A robed man surrounded by candles.

Mikaeus, the Lunarch by Steven Belledin

Last week, I wrapped up my bard subclass rankings. Now, it’s time for the cleric. As a reminder, there are three main categories I look at as I judge the power level of each subclass: combat strength, allowance for a range of powerful builds, and how it interacts with multiclassing. Since the cleric has a whopping 14 subclasses, this is going to be a 3-part post, starting with the bottom 5.

14. Knowledge

A robed woman with a glowing book.
Augusta, Dean of Order by Bryan Sola

The cleric is a class that derives much of its power from its base features, meaning that many of its subclasses play a supporting role rather than a defining one. Even with this in mind, the Knowledge domain does little to augment the cleric’s power. However, as with any subclass that relies heavily on open-ended spells like Command and Suggestion, your mileage will vary depending on how your GM interprets those abilities.

Level 1 – Domain Spells

Cleric Level Spells
1st commandidentify
3rd augurysuggestion
5th nondetectionspeak with dead
7th arcane eyeconfusion
9th legend lorescrying

With five of the ten spells here already on the cleric’s spell list, this feature is not off to a great start. Clerics already have more available spells than they know what to do with,* and they can swap out those spells every long rest, making redundant domain spells very lackluster. Looking at the remaining five spells, Confusion is the only one that even breaks into decent territory.

Level 1 – Blessings of Knowledge

You learn two languages of your choice. You also become proficient in your choice of two of the following skills: ArcanaHistoryNature, or Religion.

Your proficiency bonus is doubled for any ability check you make that uses either of those skills.

Learning extra languages, while nice, is still a minor power bump in my mind. This becomes even more evident once the Tongues spell is available to the cleric, removing any potential problems caused by language barriers.

The proficiencies and expertise would be pretty good, except that every one of the skills on offer are based on intelligence rather than wisdom. If you aren’t using intelligence for your spell or attack features, then it is one of the worst attributes out there. Requiring a Knowledge cleric to put points into an additional attribute to get the most from their feature is quite bad.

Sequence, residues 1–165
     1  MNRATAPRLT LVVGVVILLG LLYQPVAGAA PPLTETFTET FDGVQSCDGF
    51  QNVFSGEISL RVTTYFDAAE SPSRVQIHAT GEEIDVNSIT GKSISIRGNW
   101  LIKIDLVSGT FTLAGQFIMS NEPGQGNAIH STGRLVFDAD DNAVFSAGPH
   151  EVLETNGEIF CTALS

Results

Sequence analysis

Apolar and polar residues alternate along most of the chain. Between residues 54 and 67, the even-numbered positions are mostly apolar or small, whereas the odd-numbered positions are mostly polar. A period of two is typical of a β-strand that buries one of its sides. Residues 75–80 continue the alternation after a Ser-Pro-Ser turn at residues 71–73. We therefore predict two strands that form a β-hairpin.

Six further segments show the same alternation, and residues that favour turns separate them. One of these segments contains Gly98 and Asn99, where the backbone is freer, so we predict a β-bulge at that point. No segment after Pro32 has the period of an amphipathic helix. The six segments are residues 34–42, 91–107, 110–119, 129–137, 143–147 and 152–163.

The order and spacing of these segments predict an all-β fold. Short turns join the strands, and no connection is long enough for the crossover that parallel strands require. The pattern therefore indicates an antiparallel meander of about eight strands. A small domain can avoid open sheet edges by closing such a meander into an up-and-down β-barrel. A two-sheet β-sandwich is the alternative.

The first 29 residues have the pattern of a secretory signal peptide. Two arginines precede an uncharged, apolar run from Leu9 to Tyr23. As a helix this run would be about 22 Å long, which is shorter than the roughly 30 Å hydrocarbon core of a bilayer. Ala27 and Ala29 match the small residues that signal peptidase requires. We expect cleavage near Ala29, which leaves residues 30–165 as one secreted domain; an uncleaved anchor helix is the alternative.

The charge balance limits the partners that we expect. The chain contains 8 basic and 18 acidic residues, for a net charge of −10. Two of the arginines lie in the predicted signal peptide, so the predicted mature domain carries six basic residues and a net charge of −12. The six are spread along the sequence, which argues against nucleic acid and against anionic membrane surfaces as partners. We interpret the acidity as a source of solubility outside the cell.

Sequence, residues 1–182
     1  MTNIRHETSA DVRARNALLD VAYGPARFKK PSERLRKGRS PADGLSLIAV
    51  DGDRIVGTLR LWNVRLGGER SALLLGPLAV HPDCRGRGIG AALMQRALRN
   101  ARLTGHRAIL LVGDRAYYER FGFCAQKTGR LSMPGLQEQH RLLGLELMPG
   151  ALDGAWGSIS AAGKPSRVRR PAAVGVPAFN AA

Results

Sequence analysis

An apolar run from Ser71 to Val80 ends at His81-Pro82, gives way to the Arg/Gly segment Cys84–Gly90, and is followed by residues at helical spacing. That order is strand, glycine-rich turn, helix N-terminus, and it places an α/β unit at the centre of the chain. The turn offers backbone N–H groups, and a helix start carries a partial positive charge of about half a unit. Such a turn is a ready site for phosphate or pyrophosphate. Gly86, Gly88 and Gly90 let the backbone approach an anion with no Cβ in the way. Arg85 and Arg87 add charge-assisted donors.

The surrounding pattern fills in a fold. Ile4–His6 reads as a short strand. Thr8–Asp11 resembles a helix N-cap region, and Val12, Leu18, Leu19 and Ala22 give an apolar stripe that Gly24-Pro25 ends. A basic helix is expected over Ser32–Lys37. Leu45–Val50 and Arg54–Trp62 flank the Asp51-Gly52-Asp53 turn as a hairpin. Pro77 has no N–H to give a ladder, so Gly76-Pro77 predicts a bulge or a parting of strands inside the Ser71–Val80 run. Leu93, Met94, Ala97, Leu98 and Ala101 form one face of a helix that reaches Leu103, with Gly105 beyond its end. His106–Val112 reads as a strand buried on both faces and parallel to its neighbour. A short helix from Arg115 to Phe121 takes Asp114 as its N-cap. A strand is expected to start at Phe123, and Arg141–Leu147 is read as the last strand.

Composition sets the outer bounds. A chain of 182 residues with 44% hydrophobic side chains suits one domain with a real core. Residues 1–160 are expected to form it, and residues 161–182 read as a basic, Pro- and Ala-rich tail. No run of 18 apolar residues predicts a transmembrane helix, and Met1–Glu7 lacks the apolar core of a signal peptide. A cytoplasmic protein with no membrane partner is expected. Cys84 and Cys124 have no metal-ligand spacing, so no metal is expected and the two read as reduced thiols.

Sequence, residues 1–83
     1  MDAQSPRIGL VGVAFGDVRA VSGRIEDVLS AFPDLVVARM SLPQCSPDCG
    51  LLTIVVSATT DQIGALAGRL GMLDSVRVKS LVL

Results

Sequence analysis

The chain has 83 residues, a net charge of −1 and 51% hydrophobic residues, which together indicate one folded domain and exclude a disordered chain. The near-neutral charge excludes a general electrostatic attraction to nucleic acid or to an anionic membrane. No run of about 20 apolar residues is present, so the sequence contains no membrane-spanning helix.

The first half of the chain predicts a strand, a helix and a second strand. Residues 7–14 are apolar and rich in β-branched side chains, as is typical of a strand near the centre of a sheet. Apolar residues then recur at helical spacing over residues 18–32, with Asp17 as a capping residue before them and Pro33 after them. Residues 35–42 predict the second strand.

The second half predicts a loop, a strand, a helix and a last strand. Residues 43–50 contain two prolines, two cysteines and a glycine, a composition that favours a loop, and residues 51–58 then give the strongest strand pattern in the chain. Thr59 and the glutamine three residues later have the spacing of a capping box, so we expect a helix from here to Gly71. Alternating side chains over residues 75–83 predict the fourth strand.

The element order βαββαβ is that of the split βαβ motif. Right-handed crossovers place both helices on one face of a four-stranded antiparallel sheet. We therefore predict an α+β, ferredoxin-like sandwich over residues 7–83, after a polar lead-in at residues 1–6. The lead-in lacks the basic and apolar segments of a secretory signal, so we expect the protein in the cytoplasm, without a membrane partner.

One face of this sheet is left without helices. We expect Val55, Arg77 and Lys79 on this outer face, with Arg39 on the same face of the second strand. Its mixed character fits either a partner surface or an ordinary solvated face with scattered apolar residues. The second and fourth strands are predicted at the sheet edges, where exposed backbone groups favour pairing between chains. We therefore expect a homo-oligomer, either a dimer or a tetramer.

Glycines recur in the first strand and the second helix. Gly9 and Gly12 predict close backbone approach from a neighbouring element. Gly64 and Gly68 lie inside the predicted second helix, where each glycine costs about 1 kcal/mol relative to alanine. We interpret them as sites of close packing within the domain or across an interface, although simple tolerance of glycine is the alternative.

Level 2 – Channel Divinity: Knowledge of the Ages

As an action, you choose one skill or tool. For 10 minutes, you have proficiency with the chosen skill or tool.

Thanks to Tasha’s, all clerics can now expend their Channel Divinity to get a precious spell slot, which is way more useful than a single proficiency for ten minutes even if there aren’t any undead around to turn. If the proficiency bonus applied to more skills or if the duration were longer, this might be good. As is, I am not enthused.

Level 6 – Channel Divinity: Read Thoughts

As an action, choose one creature that you can see within 60 feet of you. That creature must make a Wisdom saving throw. If the creature succeeds on the saving throw, you can’t use this feature on it again until you finish a long rest.

If the creature fails its save, you can read its surface thoughts (those foremost in its mind, reflecting its current emotions and what it is actively thinking about) when it is within 60 feet of you. This effect lasts for 1 minute.

During that time, you can use your action to end this effect and cast the suggestion spell on the creature without expending a spell slot. The target automatically fails its saving throw against the spell.

A level 6 feature that combines two middling 2nd level spells, Suggestion and Detect Thoughts. By this point, the Knowledge cleric can already cast Suggestion, so a couple more noncombat uses of the spell is not hugely helpful. The Detect Thoughts portion is a little better, as clerics don’t normally have access to it, but it’s still not worth a 6th level feature. This is better than the previous Channel Divinity option, but still generally worse than getting a spell slot back.

Level 8 – Potent Spellcasting or Blessed Strikes

Potent Spellcasting. You add your Wisdom modifier to the damage you deal with any cleric cantrip.

Blessed Strikes. When a creature takes damage from one of your cantrips or weapon attacks, you can also deal 1d8 radiant damage to that creature. Once you deal this damage, you can’t use this feature again until the start of your next turn.